Linking loan repayment to a paycheck

Russell Lowery-Hart, president of Amarillo College in Texas, prepares to testify Thursday at a Senate committee hearing on simplifying the student aid process. (Photo: Matthew Dembicki)

Automatically deducting student loan payments from borrowers’ paychecks—and even tying the repayment amount to income, similar to Social Security withholdings — were among the ideas that seemed to interest Senators Thursday at a hearing to explore ways to simplify the federal student aid system.

Sen. Lamar Alexander, chair of the Senate Health, Education, Labor and Pensions (HELP) Committee, queried speakers at the hearing whether it would be a good idea to create a pilot program to test the idea as his panel prepares to start drafting legislation to reauthorize the Higher Education Act. The speakers noted that several countries already use such an automatic withholding, with exceptions for low-income individuals.

Much of the hearing was focused on improving the student aid delivery process, from the application form itself to students understanding the terms of aid agreements and repayment options. But panelists and some lawmakers cautioned that consolidating and simplifying should not result in shrinking the amount of aid available to students.

Beyond classroom costs

Russell Lowery-Hart, president of Amarillo College in Texas, said federal support needs to be about more than just paying for tuition and fees. In fact, for low-income students, it’s often the living expenses such as child care, housing and transportation that can prompt them to drop out. In Texas, community college students borrow $16,000, often on top of working, to finish their degrees, he said.

“The most powerful and debilitating barrier to success in the classroom for our students is poverty-related issues with transportation, child care, food, housing, health care, utilities and legal services,” he said.

It’s students with smaller student loan debt that tend to default more frequently, said Susan Dynarski, professor of Public Policy Education at the University of Michigan, noting that even “free” community college efforts typically cover just tuition and fees, and not living expenses.

Lowery-Hart highlighted efforts at his college to address those challenges, which included partnering with local social services programs such as food pantries, clothing closets and case-management systems, among others. This fall, the college’s social services system connected more than 1,400 students — which is 15 percent of the school’s student body — to services in one semester, he said.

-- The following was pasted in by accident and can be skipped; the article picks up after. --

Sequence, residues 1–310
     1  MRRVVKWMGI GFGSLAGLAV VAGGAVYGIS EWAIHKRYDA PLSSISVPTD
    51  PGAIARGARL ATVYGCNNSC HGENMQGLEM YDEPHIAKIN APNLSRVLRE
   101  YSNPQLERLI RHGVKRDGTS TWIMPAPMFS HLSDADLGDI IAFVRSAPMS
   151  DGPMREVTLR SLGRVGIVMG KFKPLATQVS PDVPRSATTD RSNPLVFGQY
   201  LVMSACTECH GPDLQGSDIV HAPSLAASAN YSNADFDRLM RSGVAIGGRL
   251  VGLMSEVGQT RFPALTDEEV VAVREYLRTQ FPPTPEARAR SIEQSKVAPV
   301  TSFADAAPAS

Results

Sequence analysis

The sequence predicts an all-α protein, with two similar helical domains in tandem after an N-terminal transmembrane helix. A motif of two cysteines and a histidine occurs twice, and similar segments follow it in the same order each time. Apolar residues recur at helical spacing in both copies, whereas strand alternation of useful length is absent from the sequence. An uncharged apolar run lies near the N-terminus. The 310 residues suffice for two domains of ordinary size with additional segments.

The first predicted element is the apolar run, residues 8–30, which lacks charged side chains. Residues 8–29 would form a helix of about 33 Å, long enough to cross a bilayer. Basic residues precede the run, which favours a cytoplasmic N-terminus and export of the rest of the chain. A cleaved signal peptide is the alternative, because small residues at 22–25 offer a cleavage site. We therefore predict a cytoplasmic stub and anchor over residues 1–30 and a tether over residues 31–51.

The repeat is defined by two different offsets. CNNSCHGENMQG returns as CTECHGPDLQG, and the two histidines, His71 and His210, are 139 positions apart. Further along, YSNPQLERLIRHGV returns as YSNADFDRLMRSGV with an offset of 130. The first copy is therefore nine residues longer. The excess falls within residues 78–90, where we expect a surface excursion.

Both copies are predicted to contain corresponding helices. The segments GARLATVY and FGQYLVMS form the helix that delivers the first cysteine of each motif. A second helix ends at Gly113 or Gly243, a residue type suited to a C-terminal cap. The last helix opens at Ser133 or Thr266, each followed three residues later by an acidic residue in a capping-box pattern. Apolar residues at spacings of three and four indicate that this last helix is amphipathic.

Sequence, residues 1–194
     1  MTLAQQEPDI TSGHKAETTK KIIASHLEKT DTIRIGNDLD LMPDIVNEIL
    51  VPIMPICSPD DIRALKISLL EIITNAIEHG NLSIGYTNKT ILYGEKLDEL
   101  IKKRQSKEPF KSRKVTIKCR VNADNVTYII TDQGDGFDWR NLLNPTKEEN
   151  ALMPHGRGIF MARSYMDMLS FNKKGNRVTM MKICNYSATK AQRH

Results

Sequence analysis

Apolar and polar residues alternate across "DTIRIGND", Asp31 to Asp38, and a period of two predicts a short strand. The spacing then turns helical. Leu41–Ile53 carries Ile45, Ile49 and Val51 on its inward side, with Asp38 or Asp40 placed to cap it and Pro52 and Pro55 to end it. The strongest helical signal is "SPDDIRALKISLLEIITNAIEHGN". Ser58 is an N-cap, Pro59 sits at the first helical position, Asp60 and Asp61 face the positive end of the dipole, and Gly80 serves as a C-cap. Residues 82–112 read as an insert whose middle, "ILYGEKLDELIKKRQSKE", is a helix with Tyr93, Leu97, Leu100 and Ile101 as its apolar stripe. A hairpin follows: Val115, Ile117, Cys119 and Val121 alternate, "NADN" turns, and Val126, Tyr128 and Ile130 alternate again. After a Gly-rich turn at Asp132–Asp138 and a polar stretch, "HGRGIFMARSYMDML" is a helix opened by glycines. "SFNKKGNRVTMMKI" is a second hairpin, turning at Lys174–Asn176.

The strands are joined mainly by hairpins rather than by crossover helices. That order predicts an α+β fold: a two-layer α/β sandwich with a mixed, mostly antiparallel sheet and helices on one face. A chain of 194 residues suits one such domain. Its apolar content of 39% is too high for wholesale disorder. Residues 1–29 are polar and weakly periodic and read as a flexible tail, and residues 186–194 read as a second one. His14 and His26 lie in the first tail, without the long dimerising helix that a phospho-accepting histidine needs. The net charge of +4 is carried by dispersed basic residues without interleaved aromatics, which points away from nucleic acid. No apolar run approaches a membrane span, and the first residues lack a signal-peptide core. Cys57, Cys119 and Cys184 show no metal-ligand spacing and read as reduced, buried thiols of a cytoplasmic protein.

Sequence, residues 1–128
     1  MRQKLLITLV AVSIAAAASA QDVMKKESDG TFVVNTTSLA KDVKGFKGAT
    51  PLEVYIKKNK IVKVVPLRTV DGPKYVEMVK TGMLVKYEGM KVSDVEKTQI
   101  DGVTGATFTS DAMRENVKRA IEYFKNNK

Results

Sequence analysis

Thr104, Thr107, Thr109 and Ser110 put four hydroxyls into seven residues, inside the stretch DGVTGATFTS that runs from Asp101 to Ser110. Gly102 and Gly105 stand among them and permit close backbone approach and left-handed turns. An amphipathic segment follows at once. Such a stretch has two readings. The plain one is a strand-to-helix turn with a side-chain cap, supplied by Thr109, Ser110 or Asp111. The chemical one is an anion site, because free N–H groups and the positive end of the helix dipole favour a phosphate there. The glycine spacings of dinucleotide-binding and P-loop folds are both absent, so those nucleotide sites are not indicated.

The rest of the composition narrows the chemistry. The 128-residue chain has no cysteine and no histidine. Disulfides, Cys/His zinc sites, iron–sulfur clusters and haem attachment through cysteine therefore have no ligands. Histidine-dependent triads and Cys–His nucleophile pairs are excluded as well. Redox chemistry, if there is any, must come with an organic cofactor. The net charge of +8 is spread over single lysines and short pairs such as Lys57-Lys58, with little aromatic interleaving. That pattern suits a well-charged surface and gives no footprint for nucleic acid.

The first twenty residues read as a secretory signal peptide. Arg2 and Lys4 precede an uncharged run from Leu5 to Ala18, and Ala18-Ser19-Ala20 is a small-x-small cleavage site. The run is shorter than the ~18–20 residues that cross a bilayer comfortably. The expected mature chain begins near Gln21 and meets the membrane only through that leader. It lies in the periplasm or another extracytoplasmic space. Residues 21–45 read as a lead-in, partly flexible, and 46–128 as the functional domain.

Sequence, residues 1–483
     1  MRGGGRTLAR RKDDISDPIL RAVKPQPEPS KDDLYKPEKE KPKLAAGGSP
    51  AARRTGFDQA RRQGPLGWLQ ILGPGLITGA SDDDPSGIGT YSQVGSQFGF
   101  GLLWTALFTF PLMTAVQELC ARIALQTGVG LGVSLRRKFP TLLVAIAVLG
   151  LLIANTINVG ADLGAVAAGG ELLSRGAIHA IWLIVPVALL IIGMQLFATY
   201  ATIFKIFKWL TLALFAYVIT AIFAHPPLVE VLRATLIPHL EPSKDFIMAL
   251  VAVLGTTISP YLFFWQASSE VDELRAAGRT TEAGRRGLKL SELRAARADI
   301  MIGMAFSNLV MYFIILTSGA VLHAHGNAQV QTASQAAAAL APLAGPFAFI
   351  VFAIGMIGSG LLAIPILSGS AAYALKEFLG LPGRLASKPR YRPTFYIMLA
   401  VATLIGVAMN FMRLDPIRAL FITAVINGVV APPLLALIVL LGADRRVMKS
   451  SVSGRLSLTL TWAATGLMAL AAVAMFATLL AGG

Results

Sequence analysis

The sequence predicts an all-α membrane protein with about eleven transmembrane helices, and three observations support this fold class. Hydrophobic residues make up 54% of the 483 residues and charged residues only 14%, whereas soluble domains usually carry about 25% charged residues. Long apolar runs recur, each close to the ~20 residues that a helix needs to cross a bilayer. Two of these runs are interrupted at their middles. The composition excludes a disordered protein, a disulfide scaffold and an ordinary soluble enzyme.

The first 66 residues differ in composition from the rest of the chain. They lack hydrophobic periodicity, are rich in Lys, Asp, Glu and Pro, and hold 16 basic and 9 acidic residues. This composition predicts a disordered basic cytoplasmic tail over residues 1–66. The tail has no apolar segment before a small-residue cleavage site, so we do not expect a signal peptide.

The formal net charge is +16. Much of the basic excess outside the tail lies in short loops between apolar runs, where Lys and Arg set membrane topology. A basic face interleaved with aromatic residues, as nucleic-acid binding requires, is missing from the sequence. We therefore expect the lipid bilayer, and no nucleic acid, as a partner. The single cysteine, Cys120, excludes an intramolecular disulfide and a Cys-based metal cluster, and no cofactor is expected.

Source: Testimony of Russell Lowery-Hart, president of Amarillo College

Offering such services has helped not only to keep students enrolled but also finishing their studies, Lowery-Hart said. At Amarillo College, intensive social services assistance has played a part in the college’s student success rate jumping from 19 percent over three years to 45 percent over three years, he said.

Lowery-Hart recommended that Congress increase federal funding for such programs. He also recommended increasing the maximum Pell award by $4,500, noting that the current maximum award covers less than half of today’s true costs to earn a college degree.

Start with the award letter

The hearing highlighted the fact that student aid recipients often get derailed right from the start — when they get a letter from their school outlining the financial aid they will receive. The award letters are not only confusing but sometimes misleading, said Laura Keane, chief policy officer at UAspire, which provides college affordability advising and advocacy to students and families.

“The award letters really trip up students,” she said.

Keane said a UAspire study found that about one-third of award letters list the direct cost of college, such as tuition and fees. Another one-third include both direct and indirect costs, such as books and transportation. And one-third don’t list any of the costs.

The study also found that the letters use varying student aid terms and definitions, and often lump together information about grants and loans, which further confuses students, Keane said.

Congress should also consolidate loan repayment options, several speakers noted. Currently, the federal government offers nine loan repayment options, and lenders often do a poor job of presenting the options to students, Dynarski said. They often select the one that means the least paperwork for them, rather than the one that best suits the student, she said.

Instilling annual loan counseling for students would also help, Keane added. Currently, students are counseled twice — when they receive the loan and when they “exit” it.

AACC efforts and next steps

As part of its HEA reauthorization agenda, The American Association of Community Colleges has advocated for many of the positions raised at the hearing. These include dramatically simplifying the income-based loan repayment, reducing the complexity of the student financial aid form, increasing Pell Grant funding and enhancing student loan servicing. Some of these ideas are including in legislation approved by the House Education and the Workforce Committee in December. The full House could act on that bill as soon as next month.

Alexander said he hopes his committee will send an HEA reauthorization bill to the full Senate by early spring. Sen. Patty Murray, the committee’s ranking Democrat, stated that she would like to have greater certainty about the U.S. Department of Education’s administrative actions as the process gets underway. The HELP Committee is scheduled to hold another HEA-related hearing on January 25, focusing on access and innovation.

About the Author

Matthew Dembicki
is editor of Community College Daily and serves as publications director for the American Association of Community Colleges.